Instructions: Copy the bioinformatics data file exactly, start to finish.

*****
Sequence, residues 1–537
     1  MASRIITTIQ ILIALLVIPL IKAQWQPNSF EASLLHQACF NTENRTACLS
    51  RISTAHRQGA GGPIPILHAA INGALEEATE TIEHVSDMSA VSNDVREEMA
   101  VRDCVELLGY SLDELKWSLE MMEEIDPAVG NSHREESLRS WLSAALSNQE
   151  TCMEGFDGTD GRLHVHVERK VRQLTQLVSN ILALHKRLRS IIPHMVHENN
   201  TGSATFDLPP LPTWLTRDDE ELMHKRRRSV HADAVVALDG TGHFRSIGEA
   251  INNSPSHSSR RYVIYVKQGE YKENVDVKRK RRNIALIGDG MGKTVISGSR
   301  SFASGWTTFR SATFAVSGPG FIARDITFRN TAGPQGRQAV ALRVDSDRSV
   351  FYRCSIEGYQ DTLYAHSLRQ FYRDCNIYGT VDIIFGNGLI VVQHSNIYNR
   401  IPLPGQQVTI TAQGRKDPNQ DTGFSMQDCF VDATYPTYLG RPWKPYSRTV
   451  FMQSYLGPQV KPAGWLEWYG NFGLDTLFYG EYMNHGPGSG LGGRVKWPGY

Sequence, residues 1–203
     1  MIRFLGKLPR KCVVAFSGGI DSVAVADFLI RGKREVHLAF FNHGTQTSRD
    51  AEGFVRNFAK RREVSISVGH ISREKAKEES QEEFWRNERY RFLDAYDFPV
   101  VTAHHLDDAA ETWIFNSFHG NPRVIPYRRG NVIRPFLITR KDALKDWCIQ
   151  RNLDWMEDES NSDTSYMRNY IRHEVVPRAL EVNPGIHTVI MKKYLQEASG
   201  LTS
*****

Sequence, residues 1–537
     1  MASRIITTIQ ILIALLVIPL IKAQWQPNSF EASLLHQACF NTENRTACLS
    51  RISTAHRQGA GGPIPILHAA INGALEEATE TIEHVSDMSA VSNDVREEMA
   101  VRDCVELLGY SLDELKWSLE MMEEIDPAVG NSHREESLRS WLSAALSNQE
   151  TCMEGFDGTD GRLHVHVERK VRQLTQLVSN ILALHKRLRS IIPHMVHENN
   201  TGSATFDLPP LPTWLTRDDE ELMHKRRRSV HADAVVALDG TGHFRSIGEA
   251  INNSPSHSSR RYVIYVKQGE YKENVDVKRK RRNIALIGDG MGKTVISGSR
   301  SFASGWTTFR SATFAVSGPG FIARDITFRN TAGPQGRQAV ALRVDSDRSV
   351  FYRCSIEGYQ DTLYAHSLRQ FYRDCNIYGT VDIIFGNGLI VVQHSNIYNR
   401  IPLPGQQVTI TAQGRKDPNQ DTGFSMQDCF VDATYPTYLG RPWKPYSRTV
   451  FMQSYLGPQV KPAGWLEWYG NFGLDTLFYG EYMNHGPGSG LGGRVKWPGY

Sequence, residues 1–203
     1  MIRFLGKLPR KCVVAFSGGI DSVAVADFLI RGKREVHLAF FNHGTQTSRD
    51  AEGFVRNFAK RREVSISVGH ISREKAKEES QEEFWRNERY RFLDAYDFPV
   101  VTAHHLDDAA ETWIFNSFHG NPRVIPYRRG NVIRPFLITR KDALKDWCIQ
   151  RNLDWMEDES NSDTSYMRNY IRHEVVPRAL EVNPGIHTVI MKKYLQEASG
   201  LTS